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Editor and Contributors --Preface --Transnational Issues --Europe --The Americas --Other Regions.
This book explores how restrictive copyright laws deny access to information for the print disabled, despite equality laws protecting access. It contributes to disability rights scholarship and ideas of digital equality in analysis of domestic disability anti-discrimination, civil, human and constitutional rights, copyright and other reading equality measures.
In the last few years there has been an exponential growth in the attention paid to Copyright by the courts, Congress, owners of intellectual property & the public. The law of Copyright determines the extent of ownership rights in creative products such as those embodied in books, plays, theatrical & television films, recordings, computer software & other forms of expression. These creations of the mind have greatly increased in value in the United States & abroad, as the public seems to have an unlimited appetite for them. .
This is a detailed account of interpretative practices and the 'law in action' that draws lessons for the drafting of copyright exceptions.
Contemporary copyright was born in a heroic era of human history when technologies facilitated idea dissemination through the book trade reaching out mass readership. This book provides insights on the copyright evolution and how proprietary individual expression’s copyright protection forms an integral part of our knowing in being, driven by the advances of technology through the proliferating trading frameworks. The book captures what is central in the process of copyright evolution which is an "onto-epistemological offset". It goes on to explain that copyright’s protection of knowing in originality’s delineation of expression and fair use/dealing’s legitimization of unauthorized u...
What can and can't be copied is a matter of law, but also of aesthetics, culture, and economics. The act of copying, and the creation and transaction of rights relating to it, evokes fundamental notions of communication and censorship, of authorship and ownership - of privilege and property. This volume conceives a new history of copyright law that has its roots in a wide range of norms and practices. The essays reach back to the very material world of craftsmanship and mechanical inventions of Renaissance Italy where, in 1469, the German master printer Johannes of Speyer obtained a five-year exclusive privilege to print in Venice and its dominions. Along the intellectual journey that follow...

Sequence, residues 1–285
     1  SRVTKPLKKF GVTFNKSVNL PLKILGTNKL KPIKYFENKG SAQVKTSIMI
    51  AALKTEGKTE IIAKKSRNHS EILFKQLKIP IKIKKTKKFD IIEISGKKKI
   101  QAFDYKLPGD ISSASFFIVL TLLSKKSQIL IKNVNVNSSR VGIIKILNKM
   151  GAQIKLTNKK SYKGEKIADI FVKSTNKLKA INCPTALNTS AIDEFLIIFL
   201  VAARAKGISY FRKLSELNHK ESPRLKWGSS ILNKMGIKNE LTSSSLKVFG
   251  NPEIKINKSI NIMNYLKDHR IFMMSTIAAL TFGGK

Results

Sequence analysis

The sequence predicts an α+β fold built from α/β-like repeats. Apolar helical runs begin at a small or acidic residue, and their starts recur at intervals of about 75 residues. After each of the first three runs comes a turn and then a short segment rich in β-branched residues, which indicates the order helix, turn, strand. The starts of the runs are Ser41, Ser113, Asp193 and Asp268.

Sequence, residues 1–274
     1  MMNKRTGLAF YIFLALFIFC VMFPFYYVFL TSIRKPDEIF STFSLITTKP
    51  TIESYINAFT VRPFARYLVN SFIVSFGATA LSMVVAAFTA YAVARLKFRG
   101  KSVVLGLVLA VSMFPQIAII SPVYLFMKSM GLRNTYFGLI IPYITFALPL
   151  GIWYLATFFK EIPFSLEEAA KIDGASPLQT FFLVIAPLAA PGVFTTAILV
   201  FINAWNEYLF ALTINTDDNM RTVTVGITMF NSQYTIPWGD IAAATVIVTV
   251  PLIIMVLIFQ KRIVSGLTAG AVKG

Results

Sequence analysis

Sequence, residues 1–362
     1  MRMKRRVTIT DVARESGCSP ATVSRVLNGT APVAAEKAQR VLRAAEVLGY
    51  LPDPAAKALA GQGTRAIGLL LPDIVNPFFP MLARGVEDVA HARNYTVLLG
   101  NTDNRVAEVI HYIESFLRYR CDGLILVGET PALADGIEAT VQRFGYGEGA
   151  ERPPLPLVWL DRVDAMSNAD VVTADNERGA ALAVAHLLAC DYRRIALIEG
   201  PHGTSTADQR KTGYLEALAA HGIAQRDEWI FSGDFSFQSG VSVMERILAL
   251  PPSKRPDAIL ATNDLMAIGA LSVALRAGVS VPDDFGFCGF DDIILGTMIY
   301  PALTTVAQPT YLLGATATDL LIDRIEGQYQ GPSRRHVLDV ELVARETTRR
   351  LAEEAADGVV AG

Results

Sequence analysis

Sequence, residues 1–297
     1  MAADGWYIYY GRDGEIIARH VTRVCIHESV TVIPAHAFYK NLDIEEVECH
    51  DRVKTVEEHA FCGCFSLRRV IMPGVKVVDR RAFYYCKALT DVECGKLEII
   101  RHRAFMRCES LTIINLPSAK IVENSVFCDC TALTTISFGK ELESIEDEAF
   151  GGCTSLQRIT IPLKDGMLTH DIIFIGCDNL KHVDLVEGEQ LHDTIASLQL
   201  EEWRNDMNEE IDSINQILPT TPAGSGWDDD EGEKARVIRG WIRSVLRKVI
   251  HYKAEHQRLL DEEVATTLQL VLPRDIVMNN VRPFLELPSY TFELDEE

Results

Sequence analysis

This edition has been thoroughly updated to cover copyright developments in the law since 2000. There is expanded coverage of infringement and fair use, with detailed discussion of recent decisions, including the Grateful Dead, Google, and HathiTrust cases. It considers such topics as open access, the defeat of the Stop Online Piracy Act (SOPA), file sharing, e-reserves, the status of "orphan works," and the latest developments under the Digital Millennium Copyright Act (DMCA). It also modernizes explanations of topics such as authorship and ownership; transfers and licenses of copyright; copyright notice; registration of copyright (including the new online registration and "preregistration" systems); the scope of rights included in copyright, and exceptions to those rights; "moral rights"; compulsory licenses; tax treatment of copyright; and international aspects of copyright law.
This book inquires into the competence of the EU to legislate in the field of copyright, and uses content analysis techniques to demonstrate the existence of a normative gap in copyright lawmaking. To address that gap, it proposes the creation of benchmarks of legislative activity, reasoning that EU secondary legislation, such as directives and regulations, should be based on higher sources of law. It investigates two such possible sources: the activity of the EU Court of Justice in the pre-legislative era and the EU treaties. From these sources, the author establishes concrete benchmarks of legislative activity, which she then tests by applying them to current EU copyright legislation. This provides examples of good and bad practices in copyright lawmaking and also shows how the benchmarks could be implemented in copyright legislation. Finally, the author offers some recommendations in this regard.
Digital technology has forever changed the way media is created, accessed, shared and regulated, raising serious questions about copyright for artists and fans, media companies and internet intermediaries, activists and governments. Taking a rounded view of the debates that have emerged over copyright in the digital age, this book: Looks across a broad range of industries including music, television and film to consider issues of media power and policy. Features engaging examples that have taken centre stage in the copyright debate, including high profile legal cases against Napster and The Pirate Bay, anti-piracy campaigns, the Creative Commons movement, and public protests against the expa...